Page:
2015/12/19

French Polynesia: Witnesses of the Bomb



July 2nd, 2016 marks 50 years since French Polynesia became a “center for experimentation” for the French nuclear weapons program. We could call the quiet disaster that followed “the Chernobyl of the Pacific.” The voices of those who lived through this period (1966-1996) sound all too similar to those in Voices of Chernobyl, by Svetlana Alexievich. Yet the significant difference is that Chernobyl was an unintended, though perhaps predictable, catastrophe. The French nuclear tests in the South Pacific were plotted and carried out over thirty years, premeditated with full awareness of what the consequences would be. The French program also differs from the American program in the Marshall Islands in that it was carried out in a well-established colony of France. The Americans were newcomers when they came to the Marshall Islands and imposed their plans for destruction on a defenseless culture. The French nucleocrats came to Polynesia seeking the cooperation of the territorial government which, if not for the temptations of jobs and economic benefits brought by the CEP (Centre d’expérimentation du Pacifique en Polynésie française), could have opposed the nuclear tests and probably could have succeeded in stopping them. And this is one aspect of the story that stings the conscience of Polynesia to this day. The tests did proceed, against the strong objections of the world and all other Pacific Island nations, and they were carried out after the United States and the Soviet Union had recognized the madness of atmospheric and underwater tests and halted them in the early 1960s.
On July 2nd, as Polynesians gather to remember the testing era, in solidarity with the military and civilian veterans from France who are also victims of the fallout, they are protesting several aspects of their official treatment. One is the lack of progress in recognition of health effects and compensation for victims. The Morin Law of 2010 was supposed to have been a major step in this direction, but almost all applications have been rejected since the law came into effect. Polynesians are also displeased with the unapologetic stance of the French government that was made obvious during President Hollande’s visit earlier this year. While admitting to the consequences of testing, he never came close to saying the nuclear tests are something to be regretted. He declared, “I recognize that the nuclear tests conducted between 1966 and 1996 in French Polynesia had an environmental impact, and caused health consequences,” but he added that without its overseas territories, “France would not now have nuclear weapons and the power of dissuasion.” [1] Thus, though he admitted that the testing program had grave social and biological consequences, the lack of apology was equivalent to saying Polynesians had made a noble sacrifice and France was at best grateful for it.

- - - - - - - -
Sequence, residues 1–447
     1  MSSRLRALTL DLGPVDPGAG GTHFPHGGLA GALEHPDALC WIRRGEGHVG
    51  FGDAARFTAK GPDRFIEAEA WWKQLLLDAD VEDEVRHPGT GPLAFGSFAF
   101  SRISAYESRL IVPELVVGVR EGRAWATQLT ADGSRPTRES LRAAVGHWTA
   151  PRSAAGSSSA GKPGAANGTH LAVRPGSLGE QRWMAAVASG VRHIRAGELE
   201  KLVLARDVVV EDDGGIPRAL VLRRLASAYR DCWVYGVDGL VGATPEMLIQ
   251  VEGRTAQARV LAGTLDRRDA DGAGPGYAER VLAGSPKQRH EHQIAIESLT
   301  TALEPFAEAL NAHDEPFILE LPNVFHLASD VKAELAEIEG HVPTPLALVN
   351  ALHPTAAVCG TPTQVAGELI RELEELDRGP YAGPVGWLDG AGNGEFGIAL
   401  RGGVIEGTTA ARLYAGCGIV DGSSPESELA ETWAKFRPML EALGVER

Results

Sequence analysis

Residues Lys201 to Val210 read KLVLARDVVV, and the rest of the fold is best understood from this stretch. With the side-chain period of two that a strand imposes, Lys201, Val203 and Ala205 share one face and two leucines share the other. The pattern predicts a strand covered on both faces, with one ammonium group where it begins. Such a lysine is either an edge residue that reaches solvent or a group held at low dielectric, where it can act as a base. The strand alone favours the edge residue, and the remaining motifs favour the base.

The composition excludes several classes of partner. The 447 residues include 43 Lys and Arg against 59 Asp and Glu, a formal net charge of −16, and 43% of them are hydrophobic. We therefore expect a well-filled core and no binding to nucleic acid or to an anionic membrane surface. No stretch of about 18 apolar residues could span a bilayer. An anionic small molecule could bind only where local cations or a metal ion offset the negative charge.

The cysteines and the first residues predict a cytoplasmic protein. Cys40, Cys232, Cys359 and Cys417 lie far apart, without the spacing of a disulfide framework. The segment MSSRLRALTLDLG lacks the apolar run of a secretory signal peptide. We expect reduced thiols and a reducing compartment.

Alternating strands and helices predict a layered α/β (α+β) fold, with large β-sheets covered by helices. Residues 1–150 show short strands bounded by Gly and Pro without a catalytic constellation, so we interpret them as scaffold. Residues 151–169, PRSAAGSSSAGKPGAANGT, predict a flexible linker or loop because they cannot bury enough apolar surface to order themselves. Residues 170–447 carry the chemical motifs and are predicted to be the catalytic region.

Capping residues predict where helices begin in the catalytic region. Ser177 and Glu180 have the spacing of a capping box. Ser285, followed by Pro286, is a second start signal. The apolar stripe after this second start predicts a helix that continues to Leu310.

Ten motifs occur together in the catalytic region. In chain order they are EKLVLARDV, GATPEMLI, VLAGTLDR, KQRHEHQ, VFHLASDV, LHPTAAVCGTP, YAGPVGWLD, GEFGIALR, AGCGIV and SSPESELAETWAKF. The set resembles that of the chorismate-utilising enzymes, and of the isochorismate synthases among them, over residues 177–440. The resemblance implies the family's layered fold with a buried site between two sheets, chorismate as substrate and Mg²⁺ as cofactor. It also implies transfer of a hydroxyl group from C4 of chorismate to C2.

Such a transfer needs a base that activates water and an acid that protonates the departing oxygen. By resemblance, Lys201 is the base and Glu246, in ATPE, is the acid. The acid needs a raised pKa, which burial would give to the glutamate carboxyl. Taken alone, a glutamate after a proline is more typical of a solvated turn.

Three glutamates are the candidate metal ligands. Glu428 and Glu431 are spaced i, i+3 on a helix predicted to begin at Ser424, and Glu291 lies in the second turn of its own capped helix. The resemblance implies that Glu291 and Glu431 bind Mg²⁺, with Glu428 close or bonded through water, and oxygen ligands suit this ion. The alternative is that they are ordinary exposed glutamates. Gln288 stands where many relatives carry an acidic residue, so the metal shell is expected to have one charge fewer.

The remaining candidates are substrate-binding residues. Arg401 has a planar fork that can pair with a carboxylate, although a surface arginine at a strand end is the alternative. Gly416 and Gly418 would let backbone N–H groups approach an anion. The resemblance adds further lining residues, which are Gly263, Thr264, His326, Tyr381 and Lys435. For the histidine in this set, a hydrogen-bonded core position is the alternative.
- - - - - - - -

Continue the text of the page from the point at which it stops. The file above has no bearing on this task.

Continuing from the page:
Over the years, pro-France and pro-independence parties have been in and out of power. For periods of months or one to three years, the pro-independence leader Oscar Temaru was president of French Polynesia (2004, 2005-2006, 2007-2008, 2009, 2011-2013), and during his time in power he initiated many policies to investigate the effects of nuclear testing and educate Polynesians and the world about the nuclear testing era. It was during this time that Bruno Barrillot was appointed by Temaru as lead researcher, and the Witnesses of the Bomb project was one of products of these efforts. Three of the testimonies from the exhibit and related book have been translated and published below. The French version of the 37-page book is available as a free pdf download here.
This week, at the exhibition Polynesia Under the Bomb, Oscar Temaru stated the case for Polynesian independence, saying that in order for Polynesia to succeed at the International Court of Justice, it has to go as a sovereign nation, and in order to sign cooperative accords with France, the two nations have to negotiate as equal independent states. He called the existing Papeete Accords a great lie carried out with the complicity of our “elected sellouts.” [2]